The Controlling Multiple LEDs Tutorial uses the 2N3904 small current transistor. This works well for controlling additional relatively small current devices with the Arduino. You may want to use the Arduino to control a DC powered device that draws more current that the 2N3904 transistor can supply. A solution for this situation is to use an NPN Darlington Transistor designed for medium power linear switching applications. In this tutorial we will use a TIP122 transistor, which can power devices up to 100VDC at 5 Amps. This can be used to power devices such as motors, solenoids and fans, where the only necessary operation control operation is ON and OFF (see the H-Bridge Tutorial for bi-directional rotation and speed control of DC motors.)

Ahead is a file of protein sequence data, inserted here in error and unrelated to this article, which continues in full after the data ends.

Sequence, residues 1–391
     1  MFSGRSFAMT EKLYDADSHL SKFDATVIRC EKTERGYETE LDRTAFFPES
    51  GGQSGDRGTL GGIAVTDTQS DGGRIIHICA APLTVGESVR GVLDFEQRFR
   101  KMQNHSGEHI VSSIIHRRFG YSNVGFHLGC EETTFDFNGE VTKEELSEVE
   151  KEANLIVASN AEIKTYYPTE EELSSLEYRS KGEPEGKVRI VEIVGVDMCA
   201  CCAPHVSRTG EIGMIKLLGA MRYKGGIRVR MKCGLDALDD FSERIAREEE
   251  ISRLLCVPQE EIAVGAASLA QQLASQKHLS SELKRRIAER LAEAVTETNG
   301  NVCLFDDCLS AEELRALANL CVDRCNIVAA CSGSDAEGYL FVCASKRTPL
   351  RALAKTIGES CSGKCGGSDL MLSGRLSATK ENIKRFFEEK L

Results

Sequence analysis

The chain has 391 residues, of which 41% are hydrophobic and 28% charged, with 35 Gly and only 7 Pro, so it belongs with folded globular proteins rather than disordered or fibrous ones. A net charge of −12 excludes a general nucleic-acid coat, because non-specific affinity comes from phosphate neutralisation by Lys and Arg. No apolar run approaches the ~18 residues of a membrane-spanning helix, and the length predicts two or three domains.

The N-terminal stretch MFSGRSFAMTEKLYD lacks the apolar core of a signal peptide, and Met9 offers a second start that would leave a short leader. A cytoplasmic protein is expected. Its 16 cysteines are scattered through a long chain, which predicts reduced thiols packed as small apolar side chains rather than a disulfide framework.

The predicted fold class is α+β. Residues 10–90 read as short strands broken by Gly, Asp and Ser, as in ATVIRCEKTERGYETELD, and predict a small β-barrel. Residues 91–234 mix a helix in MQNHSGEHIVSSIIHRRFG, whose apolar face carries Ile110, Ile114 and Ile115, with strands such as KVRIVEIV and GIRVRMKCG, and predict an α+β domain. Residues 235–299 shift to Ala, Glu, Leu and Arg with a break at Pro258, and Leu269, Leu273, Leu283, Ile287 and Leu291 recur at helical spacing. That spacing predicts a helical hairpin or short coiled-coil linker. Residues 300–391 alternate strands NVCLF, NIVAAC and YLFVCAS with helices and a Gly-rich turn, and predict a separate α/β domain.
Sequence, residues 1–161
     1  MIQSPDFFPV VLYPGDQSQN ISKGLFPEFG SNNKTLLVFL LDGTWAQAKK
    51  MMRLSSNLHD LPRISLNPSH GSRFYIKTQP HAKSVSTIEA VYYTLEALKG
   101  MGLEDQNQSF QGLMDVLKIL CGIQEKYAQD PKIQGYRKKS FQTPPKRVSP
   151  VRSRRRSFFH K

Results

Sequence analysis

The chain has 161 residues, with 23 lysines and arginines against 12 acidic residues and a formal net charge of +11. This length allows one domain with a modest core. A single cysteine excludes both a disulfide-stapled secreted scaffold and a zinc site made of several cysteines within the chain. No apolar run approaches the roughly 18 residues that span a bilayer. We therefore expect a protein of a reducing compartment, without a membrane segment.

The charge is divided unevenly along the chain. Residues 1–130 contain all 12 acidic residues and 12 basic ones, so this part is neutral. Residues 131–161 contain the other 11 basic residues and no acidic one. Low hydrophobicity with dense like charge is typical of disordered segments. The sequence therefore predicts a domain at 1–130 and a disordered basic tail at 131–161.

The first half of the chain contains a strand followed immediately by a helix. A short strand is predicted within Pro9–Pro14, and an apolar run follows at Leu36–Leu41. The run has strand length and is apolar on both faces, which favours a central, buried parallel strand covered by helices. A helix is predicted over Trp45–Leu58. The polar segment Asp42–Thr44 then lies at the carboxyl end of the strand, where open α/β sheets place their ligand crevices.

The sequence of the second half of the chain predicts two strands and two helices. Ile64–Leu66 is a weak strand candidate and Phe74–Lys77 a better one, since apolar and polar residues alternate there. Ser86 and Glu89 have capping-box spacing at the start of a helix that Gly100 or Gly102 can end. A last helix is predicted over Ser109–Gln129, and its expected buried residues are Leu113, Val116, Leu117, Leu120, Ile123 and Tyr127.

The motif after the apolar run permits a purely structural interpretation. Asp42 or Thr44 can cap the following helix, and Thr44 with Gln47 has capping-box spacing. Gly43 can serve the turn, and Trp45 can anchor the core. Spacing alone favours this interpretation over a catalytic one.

The circuit is identical to the 2N3904 transistor circuit - the base of the transistor (PIN 1) is connected to the Arduino output pin (D6) through a 1K OHM resistor. The emitter (PIN3) is connected to ground and the collector (PIN2) is connected to one end of the coil of the device being driven (in our example we have a 12VDC Solenoid connected). The other end of the coil is connected to the +12VDC external power supply (the ground from this power supply is connected to a common ground with the Arduino - this is necessary for the transistor to function). It is very important to put a diode across the coil of the device being powered to protect the control circuit from a potential voltage spike that can be created when current is released from the device being powered.